piger

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The secretary was inclined to take the affair as a practical joke, but Peter Winn, after an examination of the pigeon, thought otherwise.
Then continue, and see if you can find another letter from our mysterious friend, the pigeon fancier.
Van Baerle, from whose thoughts the three bulbs were never absent, made a snare for catching the pigeons, baiting the birds with all the resources of his kitchen, such as it was for eight slivers (sixpence English) a day; and, after a month of unsuccessful attempts, he at last caught a female bird.
Leaving Dort, Mynheer Isaac Boxtel had abandoned, not only his house, his servants, his observatory, and his telescope, but also his pigeons.
Well, the Lord won’t see the waste of his creatures for nothing, and right will be done to the pigeons, as well as others, by and by.
Some millions of pigeons were supposed to have already passed, that morning, over the valley of Templeton; but nothing like the flock that was now approaching had been seen before.
Believing that it is always best to study some special group, I have, after deliberation, taken up domestic pigeons.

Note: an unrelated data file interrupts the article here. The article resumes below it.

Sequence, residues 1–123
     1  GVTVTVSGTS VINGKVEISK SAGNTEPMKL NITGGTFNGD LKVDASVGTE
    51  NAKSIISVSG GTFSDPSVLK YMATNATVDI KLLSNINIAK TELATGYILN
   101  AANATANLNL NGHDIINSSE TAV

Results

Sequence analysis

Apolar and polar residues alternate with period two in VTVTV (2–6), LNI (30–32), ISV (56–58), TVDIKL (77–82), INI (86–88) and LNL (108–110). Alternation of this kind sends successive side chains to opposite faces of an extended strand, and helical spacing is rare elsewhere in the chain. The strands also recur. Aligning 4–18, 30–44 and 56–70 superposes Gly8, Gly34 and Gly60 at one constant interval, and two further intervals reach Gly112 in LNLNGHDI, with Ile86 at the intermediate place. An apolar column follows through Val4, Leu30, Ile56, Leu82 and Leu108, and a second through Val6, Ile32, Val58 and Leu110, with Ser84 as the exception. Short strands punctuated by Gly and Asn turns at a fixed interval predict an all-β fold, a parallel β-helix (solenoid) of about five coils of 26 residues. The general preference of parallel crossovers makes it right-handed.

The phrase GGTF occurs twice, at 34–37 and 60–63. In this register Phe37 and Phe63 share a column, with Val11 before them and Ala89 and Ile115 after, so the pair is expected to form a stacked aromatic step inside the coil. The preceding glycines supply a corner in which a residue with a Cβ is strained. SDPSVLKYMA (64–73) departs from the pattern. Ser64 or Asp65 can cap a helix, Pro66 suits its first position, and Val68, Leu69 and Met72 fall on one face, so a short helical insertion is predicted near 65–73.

Altogether at least a score of pigeons might be chosen, which if shown to an ornithologist, and he were told that they were wild birds, would certainly, I think, be ranked by him as well-defined species.
And the horses shook themselves, and the dogs jumped up and barked; the pigeons took their heads from under their wings, and looked about and flew into the fields; the flies on the walls buzzed again; the fire in the kitchen blazed up; round went the jack, and round went the spit, with the goose for the king's dinner upon it; the butler finished his draught of ale; the maid went on plucking the fowl; and the cook gave the boy the box on his ear.
At this answer, the Pigeon flew swiftly down to the earth.
I've tried the roots of trees, and I've tried banks, and I've tried hedges,' the Pigeon went on, without attending to her; `but those serpents
When, after a time, he removed the pigeon and stripped from it the scorched wrappings of leaves, it gave forth a scent so savoury as to prick up Jerry's ears and set his nostrils to quivering.